When comparing the two groups by degree of physical disability, as measured by ability to lift buttocks free of the seat and degree of assistance needed with transfer, some differing trends emerged. Analysis was undertaken using the scores as recorded for the purposes of this paper by the participants on the three-point scales.

As Figure 6 indicates, in the group without ulcers, 36.5% of the sample were unable to lift or transfer without the assistance of two persons or a hoist. This figure rose to 51.6% of persons in the group with ulcers. This finding was found not to be statistically significant when comparing the mean of the scores (Levene's test t = -2.432; degrees of freedom = 158; p=0.954).

Figure 6 - Ability to lift buttocks free of the chair by groups A (no ulcers) and B (history of pressure ulcers)

Similarly the difference in the ability to transfer demonstrated a similar trend (Figure 7). These figures were 42.7% (no ulcers) and 59.6% (current or with a history of ulcers). This finding was found to be statistically significant using comparison of mean scores (Levene's test t = 2.724, p = 0.05).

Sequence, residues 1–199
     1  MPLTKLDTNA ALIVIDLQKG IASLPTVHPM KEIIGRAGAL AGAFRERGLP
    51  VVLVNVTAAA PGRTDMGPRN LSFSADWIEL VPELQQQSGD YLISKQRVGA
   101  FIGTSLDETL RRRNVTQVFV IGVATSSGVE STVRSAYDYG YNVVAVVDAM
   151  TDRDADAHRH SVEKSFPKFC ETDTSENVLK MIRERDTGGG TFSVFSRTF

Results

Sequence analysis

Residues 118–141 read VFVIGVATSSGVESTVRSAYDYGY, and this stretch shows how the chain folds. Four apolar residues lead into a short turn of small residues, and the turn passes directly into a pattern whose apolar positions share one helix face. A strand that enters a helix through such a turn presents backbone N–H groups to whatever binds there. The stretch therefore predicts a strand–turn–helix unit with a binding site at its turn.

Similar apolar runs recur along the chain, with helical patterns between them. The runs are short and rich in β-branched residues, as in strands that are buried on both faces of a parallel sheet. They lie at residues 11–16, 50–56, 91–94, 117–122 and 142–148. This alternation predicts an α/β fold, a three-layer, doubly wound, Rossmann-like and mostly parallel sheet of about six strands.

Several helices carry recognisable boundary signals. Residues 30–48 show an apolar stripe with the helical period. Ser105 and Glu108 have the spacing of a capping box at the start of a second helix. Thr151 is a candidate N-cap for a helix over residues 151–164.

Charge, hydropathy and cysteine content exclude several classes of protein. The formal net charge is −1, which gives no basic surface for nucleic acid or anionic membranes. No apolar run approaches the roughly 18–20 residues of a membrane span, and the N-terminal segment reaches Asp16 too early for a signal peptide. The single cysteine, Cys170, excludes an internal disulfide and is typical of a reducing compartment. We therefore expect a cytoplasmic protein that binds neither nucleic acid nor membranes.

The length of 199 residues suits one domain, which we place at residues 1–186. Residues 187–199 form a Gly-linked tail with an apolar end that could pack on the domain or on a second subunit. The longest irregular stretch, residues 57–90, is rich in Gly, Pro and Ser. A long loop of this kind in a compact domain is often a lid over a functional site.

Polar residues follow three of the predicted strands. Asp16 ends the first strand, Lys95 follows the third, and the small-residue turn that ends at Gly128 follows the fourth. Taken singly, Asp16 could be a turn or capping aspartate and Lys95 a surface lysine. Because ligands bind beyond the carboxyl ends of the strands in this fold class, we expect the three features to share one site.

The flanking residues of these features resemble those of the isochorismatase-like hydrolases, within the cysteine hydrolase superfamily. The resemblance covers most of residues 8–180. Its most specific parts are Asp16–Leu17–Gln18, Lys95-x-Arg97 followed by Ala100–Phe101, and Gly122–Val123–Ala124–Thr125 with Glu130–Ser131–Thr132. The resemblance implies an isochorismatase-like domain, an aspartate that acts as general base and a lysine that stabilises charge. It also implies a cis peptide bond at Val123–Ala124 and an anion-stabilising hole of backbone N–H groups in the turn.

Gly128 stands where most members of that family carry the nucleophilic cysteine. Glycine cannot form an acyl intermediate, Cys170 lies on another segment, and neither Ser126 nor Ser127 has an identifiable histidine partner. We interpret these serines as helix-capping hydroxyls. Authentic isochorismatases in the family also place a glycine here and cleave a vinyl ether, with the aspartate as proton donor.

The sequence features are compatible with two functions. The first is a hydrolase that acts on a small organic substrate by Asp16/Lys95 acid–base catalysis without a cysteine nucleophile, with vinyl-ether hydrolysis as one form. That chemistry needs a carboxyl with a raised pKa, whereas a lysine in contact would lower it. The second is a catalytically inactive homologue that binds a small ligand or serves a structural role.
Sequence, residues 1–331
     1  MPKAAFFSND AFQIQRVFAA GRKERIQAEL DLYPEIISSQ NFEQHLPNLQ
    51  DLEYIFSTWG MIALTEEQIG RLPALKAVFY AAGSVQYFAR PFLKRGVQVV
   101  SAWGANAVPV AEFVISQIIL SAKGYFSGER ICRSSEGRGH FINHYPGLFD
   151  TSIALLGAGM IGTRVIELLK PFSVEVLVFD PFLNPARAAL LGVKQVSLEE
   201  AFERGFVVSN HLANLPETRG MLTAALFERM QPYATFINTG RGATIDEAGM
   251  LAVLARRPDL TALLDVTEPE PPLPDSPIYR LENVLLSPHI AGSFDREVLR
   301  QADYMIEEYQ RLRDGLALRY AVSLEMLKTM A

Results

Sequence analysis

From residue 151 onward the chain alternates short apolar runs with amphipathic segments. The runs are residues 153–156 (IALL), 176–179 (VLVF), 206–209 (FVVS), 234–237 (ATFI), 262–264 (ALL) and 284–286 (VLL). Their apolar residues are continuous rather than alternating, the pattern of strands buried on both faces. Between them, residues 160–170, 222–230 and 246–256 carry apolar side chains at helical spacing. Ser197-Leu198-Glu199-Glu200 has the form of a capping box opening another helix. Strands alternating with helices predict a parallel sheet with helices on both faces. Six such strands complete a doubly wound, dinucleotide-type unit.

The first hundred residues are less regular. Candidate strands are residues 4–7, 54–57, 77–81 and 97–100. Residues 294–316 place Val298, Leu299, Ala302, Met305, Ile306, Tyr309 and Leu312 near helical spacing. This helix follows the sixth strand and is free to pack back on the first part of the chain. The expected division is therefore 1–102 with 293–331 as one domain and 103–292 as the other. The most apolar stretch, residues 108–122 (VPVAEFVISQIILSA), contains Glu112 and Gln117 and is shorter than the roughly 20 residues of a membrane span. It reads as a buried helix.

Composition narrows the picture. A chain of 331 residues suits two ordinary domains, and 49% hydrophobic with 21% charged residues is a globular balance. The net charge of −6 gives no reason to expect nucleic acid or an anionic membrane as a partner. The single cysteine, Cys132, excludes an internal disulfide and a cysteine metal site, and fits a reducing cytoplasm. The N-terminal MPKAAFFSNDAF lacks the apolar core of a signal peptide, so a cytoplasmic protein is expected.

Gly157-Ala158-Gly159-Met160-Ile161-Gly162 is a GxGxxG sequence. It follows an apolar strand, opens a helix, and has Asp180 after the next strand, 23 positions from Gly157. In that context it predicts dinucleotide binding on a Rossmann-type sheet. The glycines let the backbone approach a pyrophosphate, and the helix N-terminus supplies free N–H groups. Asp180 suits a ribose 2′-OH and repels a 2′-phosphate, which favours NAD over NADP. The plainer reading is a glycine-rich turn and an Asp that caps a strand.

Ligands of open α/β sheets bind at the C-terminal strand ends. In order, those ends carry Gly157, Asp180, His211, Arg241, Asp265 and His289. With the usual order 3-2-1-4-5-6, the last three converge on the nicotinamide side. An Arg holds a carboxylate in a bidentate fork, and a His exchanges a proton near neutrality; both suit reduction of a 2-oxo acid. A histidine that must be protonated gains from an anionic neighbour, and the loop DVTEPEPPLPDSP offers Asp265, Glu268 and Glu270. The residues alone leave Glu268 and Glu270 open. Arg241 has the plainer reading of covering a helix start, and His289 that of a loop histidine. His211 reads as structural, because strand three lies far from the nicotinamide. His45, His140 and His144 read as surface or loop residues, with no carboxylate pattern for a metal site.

Figure 7 - Ability to transfer by groups A (no ulcers) and B (history of pressure ulcers)

As part of the design of the evaluation study all volunteers had Waterlow, Braden and Barthel scores recorded on enrolment to the study. Once again this offered an opportunity to explore differences between the ulcers and no ulcers groups as illustrated in Table 6.

Table 6: Mean Waterlow, Braden and Barthel scores on enrolment
Whole sample n=160 Group A n=96 Group B n=64
Waterlow score   18.29 (SD=2.95)  17.97 (SD=2.89)  18.78 (SD=3.00) 
Braden score   15.43 (SD=2.75  15.84 (SD=2.78)  14.80 (SD=2.6) 
Barthel index   7.17 (SD=4.38)  8.07 (SD=4.41)  5.83 SD=4.00) 

SD = standard deviation

The Waterlow and Braden scores were found to be negatively correlated (Spearman's rho = -0.491, p = 0.01; two tailed). The Barthel index was found to correlate with both the Waterlow (Spearman's rho = +0.462, p = 0.01) and the Braden score (Spearman's rho = - 0.702, p = 0.01). Measures of degree of physical disability and ability to transfer were found to be correlated to each other (Spearman's rho = 0.795, p = 0.01; one tailed) (Table 7).